Egypt’s president is fed up with the most important religious institute in Egypt, if not in the entire Islamic world. After telling Al-Azhar’s sheikh that “you, honorable sheikh, are exhausting me,” he got Education Minister Tarek Shawki to come out with a dramatic announcement last month. Shawki said his ministry would consider merging Al-Azhar’s education system with Egypt’s general education network. This was a trial balloon that popped with a big bang.
No one seriously believes that such a merger is possible, since that would mean a unified system in which students had religious studies as an option, in contrast to being compulsory in Al-Azhar’s schools. This would basically wipe out the Al-Azhar network, which has 2 million students at all levels. The education minister himself rushed to deny the existence of such a plan, even though he was the one who had presented it to parliament’s education committee.
Al-Azhar isn’t only an important religious institution – it controls 9,000 educational facilities from the kindergarten to university level. Its leaders occasionally interfere in political matters. This happened when the institution’s leader refused to rule that the Islamic State was a heretical organization, claiming that “a Muslim, even if his sins are many, cannot be an apostate.”
He also criticized President Abdel Fattah al-Sissi for instructing his security forces to forcibly disperse demonstrations by the Muslim Brotherhood. Scorekeeping between the two peaked in February 2017 when Sissi demanded legislation forbidding divorce based on a man’s oral statement, insisting that only written and authorized documents could validate divorce. Al-Azhar ruled that oral statements were valid according to religious law and could not be invalidated.
This year Al-Azhar’s head irked Sissi when he refused to meet with U.S. Vice President Mike Pence due to President Donald Trump’s recognition of Jerusalem as Israel’s capital. Sissi, who wants to initiate a new religious discourse, one modern and moderate that would serve as a buffer against extremist Islam, suddenly realized that the same institution that afforded him religious legitimacy was blocking his path and trying to undermine his pro-American policies.
Al-Azhar, which was founded in the 10th century, went on to attract students and religious scholars from around the world. It was an independent institution until 1961, when a law pushed through by President Gamal Abdel Nasser made it part of the government bureaucracy.
In exchange, Al-Azhar was granted the authority to censor all cultural matters in anything pertaining to religion, as well as the authority to run an independent education system, including the establishment of faculties of engineering, medicine and commerce, in addition to the faculties of religious studies.
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Over the years Al-Azhar has been harshly criticized by religious scholars and radical Islamist movements, which viewed the symbiotic relationship with the regime as an anomaly incompatible with religion. Despite the criticism, both sides have benefited from the relationship.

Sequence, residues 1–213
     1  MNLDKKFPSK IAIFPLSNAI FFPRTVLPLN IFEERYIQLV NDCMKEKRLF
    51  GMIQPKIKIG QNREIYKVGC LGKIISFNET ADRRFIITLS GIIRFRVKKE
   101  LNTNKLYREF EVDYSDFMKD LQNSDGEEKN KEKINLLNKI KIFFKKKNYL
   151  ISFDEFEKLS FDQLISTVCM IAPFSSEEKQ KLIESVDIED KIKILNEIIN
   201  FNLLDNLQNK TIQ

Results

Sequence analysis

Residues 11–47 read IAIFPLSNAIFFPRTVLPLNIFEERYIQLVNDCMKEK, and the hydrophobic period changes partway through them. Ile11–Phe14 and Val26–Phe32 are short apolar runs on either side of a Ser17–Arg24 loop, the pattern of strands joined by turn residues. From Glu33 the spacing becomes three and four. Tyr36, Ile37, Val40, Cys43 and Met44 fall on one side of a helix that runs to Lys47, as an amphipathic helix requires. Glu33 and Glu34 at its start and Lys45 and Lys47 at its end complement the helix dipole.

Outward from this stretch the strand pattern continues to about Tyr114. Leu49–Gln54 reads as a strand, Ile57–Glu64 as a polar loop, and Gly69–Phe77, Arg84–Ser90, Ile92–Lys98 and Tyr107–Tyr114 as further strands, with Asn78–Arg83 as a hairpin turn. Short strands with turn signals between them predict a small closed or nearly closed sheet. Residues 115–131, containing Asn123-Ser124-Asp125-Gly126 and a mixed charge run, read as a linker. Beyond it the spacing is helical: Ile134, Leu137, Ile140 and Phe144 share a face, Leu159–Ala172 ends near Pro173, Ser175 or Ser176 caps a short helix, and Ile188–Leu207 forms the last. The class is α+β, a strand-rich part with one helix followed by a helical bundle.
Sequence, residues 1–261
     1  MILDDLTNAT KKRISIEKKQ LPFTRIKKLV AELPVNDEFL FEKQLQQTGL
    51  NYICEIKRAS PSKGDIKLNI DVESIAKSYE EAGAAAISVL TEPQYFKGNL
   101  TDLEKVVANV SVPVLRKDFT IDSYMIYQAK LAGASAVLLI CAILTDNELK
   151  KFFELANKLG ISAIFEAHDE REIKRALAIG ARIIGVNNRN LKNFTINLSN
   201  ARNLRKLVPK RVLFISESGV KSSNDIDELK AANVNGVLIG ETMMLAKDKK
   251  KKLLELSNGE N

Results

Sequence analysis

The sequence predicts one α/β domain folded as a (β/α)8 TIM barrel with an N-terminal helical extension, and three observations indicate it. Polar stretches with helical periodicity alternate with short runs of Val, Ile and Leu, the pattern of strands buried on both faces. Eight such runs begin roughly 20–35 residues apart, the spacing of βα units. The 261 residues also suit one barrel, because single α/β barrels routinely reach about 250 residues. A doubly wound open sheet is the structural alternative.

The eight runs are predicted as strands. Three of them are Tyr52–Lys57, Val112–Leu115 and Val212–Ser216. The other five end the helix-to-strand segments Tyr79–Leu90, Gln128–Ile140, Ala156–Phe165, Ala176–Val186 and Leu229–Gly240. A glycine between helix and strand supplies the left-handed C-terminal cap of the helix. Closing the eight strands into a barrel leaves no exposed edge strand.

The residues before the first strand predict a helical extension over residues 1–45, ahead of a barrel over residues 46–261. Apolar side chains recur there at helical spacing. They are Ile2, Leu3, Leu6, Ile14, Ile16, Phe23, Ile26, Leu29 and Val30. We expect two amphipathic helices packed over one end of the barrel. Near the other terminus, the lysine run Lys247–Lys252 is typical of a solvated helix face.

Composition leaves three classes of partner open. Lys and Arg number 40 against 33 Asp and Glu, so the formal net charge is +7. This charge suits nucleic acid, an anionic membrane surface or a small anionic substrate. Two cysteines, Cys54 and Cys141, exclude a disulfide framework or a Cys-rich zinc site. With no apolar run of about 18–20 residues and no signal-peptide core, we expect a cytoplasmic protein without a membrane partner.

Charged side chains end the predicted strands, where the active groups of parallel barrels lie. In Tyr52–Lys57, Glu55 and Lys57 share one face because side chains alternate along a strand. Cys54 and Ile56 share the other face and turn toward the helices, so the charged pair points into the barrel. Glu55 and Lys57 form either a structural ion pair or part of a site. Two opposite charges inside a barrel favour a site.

But when voices opposing the president’s polices started emerging from Al-Azhar, particularly regarding his “new discourse” plans, Sissi got tough and harshly criticized Al-Azhar. No one doubts that the minister’s proposal to merge the two education systems was something that came down from Sissi. The public furor it unleashed is a sign of the anxiety felt by the institution.
“This proposal is unconstitutional,” said Al-Azhar’s director, Abbas Shuman. “Such a decision cannot be made by the education minister because the prime minister is responsible for Al-Azhar,” added an Al-Zahar spokesman.
Beyond these procedural arguments lies the fact that Al-Azhar’s education system is an important revenue generator, and if it merged with the general network its leaders, teachers and religious-law interpreters would lose their livelihoods.
To block the move, which never really took off anyway, Al-Azhar spokesmen explained that the institution is an important component of Egypt’s soft power, since students from more than 105 countries attend its schools, with graduates becoming leaders in their respective countries.
Another argument is that behind the drive to merge the systems “are secular voices who oppose Egypt as a country with values – who see Al-Azhar as a bastion they need to topple.” Moreover, opponents say a merger of the systems would mean students wouldn’t opt for religious studies, focusing instead on compulsory subjects ordained by the general system.
This would lead to a loss of the religious heritage that’s part of Egypt’s national identity. The counterargument is that Al-Azhar is attracting weaker students seeking to shirk the demands of the general education system, thus perpetuating the country’s educational and scientific shortcomings.
Sissi won’t soon be changing the education system or method in Egypt, one that lags far behind other countries. But he has raised high the sword of struggle against radical-religious currents. Sissi’s approach on religion is picking up steam, and if necessary the president will impose the “correct” content on Al-Azhar as well. Maybe when he has time he can come to Israel and give us some advice.
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